Even things like computer software can put a dent in the company coffers. See if you can negotiate reduced prices or flat rates with certain vendors, or consider if the software is necessary in the first place. Pinpointing these expenses in order to cut costs can be a speedy way of increasing cash flow, and is certainly more advisable than drastic debt-reduction measures.

When you’re ready to start paying off debt, try to take care of the bills with the highest interest rate first. Tackling credit card debt is the most likely thing businesses will focus on, but if any debts have been personally guaranteed then you should prioritise these.

Contacting and negotiating payment plans with suppliers

When dealing with creditors or lenders, identify which must be paid first. Once this has been done, contact them to see if they’re open to arranging payment terms, and ask lenders about loan consolidation programmes. Consolidating loans into one payment can help reduce monthly costs without damage to credit, too.

Contractor delivering presentation

Additionally, hardship plans that include lower interest rates and payment extensions can be very beneficial. Businesses are required by creditors to have a hardship letter explaining their current financial situation, along with proof that they require assistance to meet debt obligations. Typically, the requests ask for:

  • Current and previous tax returns
  • Bank account statements
  • Income statement, balance sheet or any other financial statements

Paying off your business debt

If the creditor doesn’t offer lower interest rates or payment extensions, and you’re still struggling to make regular repayments, then a debt management plan (DMP) is advisable. DMPs will allow you to repay your business debt at a rate you can afford. But remember: setting up a repayment plan and failing to meet the agreed terms should be avoided by any means possible.

To help you out, we’ll take a closer look at what you should expect from a DMP below.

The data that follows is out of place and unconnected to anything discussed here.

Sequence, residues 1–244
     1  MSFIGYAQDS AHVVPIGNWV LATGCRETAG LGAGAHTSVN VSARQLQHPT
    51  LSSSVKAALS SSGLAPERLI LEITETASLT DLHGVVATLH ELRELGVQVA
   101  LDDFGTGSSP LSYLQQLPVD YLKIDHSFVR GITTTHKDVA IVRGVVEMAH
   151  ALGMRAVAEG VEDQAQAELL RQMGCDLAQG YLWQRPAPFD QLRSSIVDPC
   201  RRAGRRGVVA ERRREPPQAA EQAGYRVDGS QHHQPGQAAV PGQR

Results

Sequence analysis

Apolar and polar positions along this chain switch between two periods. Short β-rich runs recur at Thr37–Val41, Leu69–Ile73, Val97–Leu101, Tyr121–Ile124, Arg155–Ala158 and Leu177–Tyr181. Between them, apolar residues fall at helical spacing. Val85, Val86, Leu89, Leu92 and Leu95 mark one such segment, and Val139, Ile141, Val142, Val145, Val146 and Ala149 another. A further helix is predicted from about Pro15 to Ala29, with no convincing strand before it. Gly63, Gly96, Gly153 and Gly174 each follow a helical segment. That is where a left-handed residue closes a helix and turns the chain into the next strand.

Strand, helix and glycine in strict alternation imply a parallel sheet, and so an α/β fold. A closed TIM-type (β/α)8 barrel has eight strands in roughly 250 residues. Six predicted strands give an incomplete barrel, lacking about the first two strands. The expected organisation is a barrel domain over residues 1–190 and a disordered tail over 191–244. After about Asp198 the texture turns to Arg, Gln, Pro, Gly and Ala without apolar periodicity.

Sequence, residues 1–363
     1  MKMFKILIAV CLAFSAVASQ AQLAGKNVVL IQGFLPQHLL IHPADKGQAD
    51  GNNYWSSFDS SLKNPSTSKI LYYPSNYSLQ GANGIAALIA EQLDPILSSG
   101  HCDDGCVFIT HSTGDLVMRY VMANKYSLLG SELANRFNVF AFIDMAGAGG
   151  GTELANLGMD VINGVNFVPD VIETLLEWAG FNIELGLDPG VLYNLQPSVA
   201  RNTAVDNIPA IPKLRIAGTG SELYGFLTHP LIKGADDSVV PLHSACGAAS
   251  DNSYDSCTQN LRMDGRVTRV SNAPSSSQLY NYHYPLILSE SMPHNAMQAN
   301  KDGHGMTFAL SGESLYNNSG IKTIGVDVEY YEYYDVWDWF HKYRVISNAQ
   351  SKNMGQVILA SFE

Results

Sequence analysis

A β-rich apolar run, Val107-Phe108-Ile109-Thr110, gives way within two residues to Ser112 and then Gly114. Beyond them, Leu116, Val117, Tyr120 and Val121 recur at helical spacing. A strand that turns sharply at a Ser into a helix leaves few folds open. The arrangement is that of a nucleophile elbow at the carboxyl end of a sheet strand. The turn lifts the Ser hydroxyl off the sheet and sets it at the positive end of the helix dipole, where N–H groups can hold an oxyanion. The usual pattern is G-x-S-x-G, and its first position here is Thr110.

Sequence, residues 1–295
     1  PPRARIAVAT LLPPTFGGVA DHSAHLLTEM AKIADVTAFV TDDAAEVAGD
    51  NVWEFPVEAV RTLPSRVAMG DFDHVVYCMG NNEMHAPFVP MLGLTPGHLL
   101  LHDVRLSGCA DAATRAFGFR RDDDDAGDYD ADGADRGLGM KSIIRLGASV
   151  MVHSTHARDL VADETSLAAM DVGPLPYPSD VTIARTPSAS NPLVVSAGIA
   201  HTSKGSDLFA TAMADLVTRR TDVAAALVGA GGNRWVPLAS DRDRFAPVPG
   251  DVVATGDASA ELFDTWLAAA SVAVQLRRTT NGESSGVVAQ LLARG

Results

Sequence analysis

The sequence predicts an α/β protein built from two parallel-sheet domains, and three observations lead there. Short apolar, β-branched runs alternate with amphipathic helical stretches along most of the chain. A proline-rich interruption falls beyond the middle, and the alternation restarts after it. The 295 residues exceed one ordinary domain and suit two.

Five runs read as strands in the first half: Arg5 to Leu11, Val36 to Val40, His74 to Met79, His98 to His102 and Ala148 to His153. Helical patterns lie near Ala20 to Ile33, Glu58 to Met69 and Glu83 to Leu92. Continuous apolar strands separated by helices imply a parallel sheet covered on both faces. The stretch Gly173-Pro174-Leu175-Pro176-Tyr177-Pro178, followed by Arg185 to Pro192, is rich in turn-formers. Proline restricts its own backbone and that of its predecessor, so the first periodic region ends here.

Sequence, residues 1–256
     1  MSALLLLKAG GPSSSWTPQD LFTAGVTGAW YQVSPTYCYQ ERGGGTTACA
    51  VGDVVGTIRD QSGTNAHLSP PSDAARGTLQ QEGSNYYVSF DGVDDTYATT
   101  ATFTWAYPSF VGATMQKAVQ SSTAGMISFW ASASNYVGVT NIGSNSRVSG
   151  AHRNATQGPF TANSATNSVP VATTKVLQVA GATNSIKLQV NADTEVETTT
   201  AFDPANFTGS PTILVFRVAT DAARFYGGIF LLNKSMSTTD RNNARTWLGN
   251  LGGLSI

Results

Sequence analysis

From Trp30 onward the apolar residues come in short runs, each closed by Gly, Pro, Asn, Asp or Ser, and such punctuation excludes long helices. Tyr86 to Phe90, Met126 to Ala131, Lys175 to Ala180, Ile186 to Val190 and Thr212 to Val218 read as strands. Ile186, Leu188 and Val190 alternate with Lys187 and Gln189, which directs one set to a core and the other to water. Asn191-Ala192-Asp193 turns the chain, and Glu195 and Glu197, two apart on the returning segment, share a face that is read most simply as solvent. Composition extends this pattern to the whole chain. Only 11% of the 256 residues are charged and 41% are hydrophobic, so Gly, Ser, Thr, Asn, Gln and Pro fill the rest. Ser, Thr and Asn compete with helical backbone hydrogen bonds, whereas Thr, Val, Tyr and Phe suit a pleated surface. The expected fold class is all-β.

What is a debt management plan? 

A DMP is an agreement made between you and your creditors should your business run into trouble making payments on time. A business with an agreed-upon DMP pays a smaller amount each month than what they were paying previously. The debt must still be paid off, but the smaller amounts make doing so far more manageable.

How do debt management plans work?

Once your creditors have agreed to a DMP, you’ll make one payment each month to cover all debts included in the plan. Your chosen debt management company (see below) splits this money between your creditors, who you’ll continue to pay until either your debts are cleared, or you can make the original payments again.

How do I apply for a debt management plan?

  • Get in touch with a debt management company authorised by the Financial Conduct Authority to set up a plan. To search for an authorised company, check out the Financial Services Register for a full list.

  • After supplying them with details on your financial situation, such as your assets, debts, income and creditors, your chosen company will then work out your monthly payments.

  • The company then contacts your creditors and asks them to agree to the plan. They don’t have to, but since a DMP can help lenders get their money back, it may be in their best interests.

Gazprom Energy is a leading and award-winning business energy supplier, helping thousands of businesses manage their gas and electricity contracts. To find out more about what we can offer your business, visit the homepage or call us today on 0161 837 3395.

The views, opinions and positions expressed within this article are those of our third-party content providers alone and do not represent those of Gazprom Energy. The accuracy, completeness and validity of any statements made within this article are not guaranteed. Gazprom Energy accepts no liability for any errors, omissions or representations.